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Radians to seconds?

  1. Feb 20, 2013 #1
    1. The problem statement, all variables and given/known data

    Given an equation such as f(t)=Rsin(ωt + θ)

    find the value of f(t) when t=5s

    2. Relevant equations


    3. The attempt at a solution

    What I'm not understanding is that generally a function sin(ωt + θ) describes what happens when the angle t changes. However the question gives t in seconds.

    I'm pretty sure it is as simple as substituing 5 in for t but i'm not certain.

    My assumption is that knowing the frequency (ω/2∏ - I think!) allows you to know how many cycles occur in 1 second.

    So the frequency x t (5 x ω/2∏) gives you number of waves in 5 seconds - converting this to an angle by multiplying by 2∏ again leaves you with 5ω (ωt).

    Therefore seconds = radians?

    Can somebody confirm? Also - is my expression for frequency correct?
    1. The problem statement, all variables and given/known data

    2. Relevant equations

    3. The attempt at a solution
  2. jcsd
  3. Feb 20, 2013 #2

    Ray Vickson

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    You are mixing up angles and angular rates. The parameter ω has units of radians per second ant time t is in seconds, so ωt is in radians.
  4. Feb 20, 2013 #3


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    The units on ##\omega## would be radians/second; it's the angular velocity. Multiply by t seconds and you get ##\omega t## in radians, add that to ##\theta## in radians and the units of the argument are radians. Then take the sine of it. :smile:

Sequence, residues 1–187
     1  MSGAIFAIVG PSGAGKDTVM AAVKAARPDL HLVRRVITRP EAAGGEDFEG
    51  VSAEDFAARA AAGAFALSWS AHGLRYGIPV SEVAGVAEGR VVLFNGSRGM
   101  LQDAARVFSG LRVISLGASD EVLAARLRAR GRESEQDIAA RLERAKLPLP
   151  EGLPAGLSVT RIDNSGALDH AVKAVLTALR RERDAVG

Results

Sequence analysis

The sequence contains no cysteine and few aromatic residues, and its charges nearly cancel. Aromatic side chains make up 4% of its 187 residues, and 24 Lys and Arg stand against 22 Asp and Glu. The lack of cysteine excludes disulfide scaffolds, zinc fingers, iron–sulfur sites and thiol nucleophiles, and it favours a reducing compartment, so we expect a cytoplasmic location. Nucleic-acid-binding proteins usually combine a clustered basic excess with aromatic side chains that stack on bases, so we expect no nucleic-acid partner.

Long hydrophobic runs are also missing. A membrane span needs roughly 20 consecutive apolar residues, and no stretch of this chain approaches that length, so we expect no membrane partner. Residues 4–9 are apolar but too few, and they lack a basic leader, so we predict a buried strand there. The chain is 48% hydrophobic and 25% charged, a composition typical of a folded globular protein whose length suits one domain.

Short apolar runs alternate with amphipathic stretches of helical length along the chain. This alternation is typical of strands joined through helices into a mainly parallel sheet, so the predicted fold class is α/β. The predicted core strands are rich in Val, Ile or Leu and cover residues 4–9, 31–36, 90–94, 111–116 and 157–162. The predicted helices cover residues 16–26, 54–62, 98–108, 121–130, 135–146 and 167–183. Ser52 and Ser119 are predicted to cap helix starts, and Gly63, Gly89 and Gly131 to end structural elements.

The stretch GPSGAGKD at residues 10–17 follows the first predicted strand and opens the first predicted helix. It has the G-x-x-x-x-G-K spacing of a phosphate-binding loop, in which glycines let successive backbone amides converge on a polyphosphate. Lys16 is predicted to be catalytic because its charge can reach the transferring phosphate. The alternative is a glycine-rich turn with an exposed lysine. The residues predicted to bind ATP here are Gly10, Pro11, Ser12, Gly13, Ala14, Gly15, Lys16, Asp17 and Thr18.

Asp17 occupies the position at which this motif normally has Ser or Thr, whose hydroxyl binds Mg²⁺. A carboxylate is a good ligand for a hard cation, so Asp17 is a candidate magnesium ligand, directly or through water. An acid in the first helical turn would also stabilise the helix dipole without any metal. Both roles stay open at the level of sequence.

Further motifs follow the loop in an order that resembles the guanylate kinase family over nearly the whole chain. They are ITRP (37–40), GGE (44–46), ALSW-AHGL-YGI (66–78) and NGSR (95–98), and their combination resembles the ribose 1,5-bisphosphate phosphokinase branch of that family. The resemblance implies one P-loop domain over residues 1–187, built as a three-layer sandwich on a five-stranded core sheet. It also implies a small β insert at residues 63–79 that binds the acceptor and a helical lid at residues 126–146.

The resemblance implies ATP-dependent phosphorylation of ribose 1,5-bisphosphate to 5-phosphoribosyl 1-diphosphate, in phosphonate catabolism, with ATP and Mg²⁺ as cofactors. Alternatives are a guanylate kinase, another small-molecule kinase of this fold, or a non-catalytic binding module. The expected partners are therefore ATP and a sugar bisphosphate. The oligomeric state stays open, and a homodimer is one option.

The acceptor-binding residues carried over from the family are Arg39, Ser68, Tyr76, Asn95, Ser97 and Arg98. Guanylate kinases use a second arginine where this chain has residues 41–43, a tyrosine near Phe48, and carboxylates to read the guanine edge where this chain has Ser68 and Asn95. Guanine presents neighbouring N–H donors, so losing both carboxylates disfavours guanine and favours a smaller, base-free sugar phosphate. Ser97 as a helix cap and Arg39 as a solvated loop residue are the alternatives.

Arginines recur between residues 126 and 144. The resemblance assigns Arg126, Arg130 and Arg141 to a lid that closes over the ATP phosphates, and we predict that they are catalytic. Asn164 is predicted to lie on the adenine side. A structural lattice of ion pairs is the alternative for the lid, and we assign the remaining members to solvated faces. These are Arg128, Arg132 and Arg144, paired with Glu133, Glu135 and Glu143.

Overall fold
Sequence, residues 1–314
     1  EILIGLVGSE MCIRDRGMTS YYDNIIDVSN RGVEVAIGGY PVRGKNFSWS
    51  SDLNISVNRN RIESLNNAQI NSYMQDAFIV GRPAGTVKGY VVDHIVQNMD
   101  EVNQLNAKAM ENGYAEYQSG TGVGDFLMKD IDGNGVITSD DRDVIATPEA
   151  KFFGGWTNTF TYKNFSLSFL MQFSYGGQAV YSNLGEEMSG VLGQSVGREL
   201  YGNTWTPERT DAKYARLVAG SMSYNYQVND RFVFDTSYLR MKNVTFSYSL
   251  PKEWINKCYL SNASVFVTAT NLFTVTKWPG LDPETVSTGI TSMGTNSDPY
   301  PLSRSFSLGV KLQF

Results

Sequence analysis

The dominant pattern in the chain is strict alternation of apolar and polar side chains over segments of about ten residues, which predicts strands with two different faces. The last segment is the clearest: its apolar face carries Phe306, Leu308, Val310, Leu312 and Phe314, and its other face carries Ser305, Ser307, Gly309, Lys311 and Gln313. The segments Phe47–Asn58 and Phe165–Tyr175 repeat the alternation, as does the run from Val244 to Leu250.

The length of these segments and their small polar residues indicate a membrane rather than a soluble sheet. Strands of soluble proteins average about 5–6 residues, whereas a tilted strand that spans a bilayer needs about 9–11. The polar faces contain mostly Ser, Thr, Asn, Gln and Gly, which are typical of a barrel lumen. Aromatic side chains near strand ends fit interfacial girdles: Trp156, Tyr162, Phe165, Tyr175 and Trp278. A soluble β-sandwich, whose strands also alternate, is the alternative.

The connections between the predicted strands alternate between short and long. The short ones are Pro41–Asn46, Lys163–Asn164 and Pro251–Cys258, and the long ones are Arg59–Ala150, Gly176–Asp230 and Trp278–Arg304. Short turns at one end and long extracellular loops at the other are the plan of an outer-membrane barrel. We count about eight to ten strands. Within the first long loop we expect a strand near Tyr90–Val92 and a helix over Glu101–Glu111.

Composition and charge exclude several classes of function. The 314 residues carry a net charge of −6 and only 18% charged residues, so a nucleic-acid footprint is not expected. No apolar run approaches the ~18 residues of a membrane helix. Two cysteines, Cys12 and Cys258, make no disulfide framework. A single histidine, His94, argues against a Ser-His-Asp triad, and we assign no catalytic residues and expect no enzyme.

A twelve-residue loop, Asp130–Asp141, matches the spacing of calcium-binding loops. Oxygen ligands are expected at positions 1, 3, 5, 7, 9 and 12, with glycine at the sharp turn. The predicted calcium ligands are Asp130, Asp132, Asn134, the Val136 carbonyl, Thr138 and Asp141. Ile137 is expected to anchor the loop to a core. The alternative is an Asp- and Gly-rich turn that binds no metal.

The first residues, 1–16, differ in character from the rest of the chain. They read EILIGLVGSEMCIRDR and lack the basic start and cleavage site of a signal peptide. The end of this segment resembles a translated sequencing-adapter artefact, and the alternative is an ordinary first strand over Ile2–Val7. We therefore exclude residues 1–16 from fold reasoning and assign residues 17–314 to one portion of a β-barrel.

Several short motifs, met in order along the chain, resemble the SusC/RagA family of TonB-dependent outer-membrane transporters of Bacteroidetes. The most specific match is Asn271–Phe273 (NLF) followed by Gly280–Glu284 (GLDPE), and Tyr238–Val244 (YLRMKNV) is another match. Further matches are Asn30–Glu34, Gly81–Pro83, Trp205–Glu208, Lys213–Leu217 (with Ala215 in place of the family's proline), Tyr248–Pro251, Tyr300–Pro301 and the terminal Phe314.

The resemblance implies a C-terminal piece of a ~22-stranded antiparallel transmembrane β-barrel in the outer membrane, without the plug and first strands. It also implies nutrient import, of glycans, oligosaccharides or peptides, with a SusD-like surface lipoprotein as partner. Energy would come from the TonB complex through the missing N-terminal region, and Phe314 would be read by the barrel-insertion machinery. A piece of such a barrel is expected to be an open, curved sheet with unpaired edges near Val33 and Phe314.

5. Feb 20, 2013 #4
    Nooo - sorry I should have seen this coming...

    I chose ω arbitrarily to represent an angle. Yes I know ω is angular velocity usually but think of it as just an angle in radians (I should have picked a less confusing symbol)

    In any case it being the angular velocity wouldn't make any sense in what I had explained previously. I am simply asking if my assumption regarding the frequency and time is correct?

    I.e. is substituing 5 in for t going to give me the right answer!
  6. Feb 20, 2013 #5


    Staff: Mentor

    In your expression sin(ωt + θ), both θ and ωt are angles, typically in radians, so ωt + θ also represents an angle.

    Assuming you are measuring angles in radians, the only way that ωt can represent an angle when t is time is for ω to represent radians/time.
  7. Feb 20, 2013 #6
    I see what you are saying - this is a question for a course in electrical engineering. So presumably in the general case for sine wave signals the coefficient of t is always the angular velocity of the wave?

    So would the following statements be correct:

    For the function Rsin(40∏t + ∏)

    the frequency is 40∏/2∏ = 20Hz

    and the period would be 2∏/40∏ = 0.05
  8. Feb 20, 2013 #7


    Staff: Mentor

  9. Feb 20, 2013 #8


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    hey there, fonz! :cool:
    what's inside a sin (or cos or log or exp) must be an ordinary number

    (a radian is an ordinary number)

    sooo, if you have a time inside a sin (or log etc), it must be multiplied by a 1/time (or radian/time) :wink:
  10. Feb 20, 2013 #9
    Right sussed that then.

    Thanks for all your help and contributions
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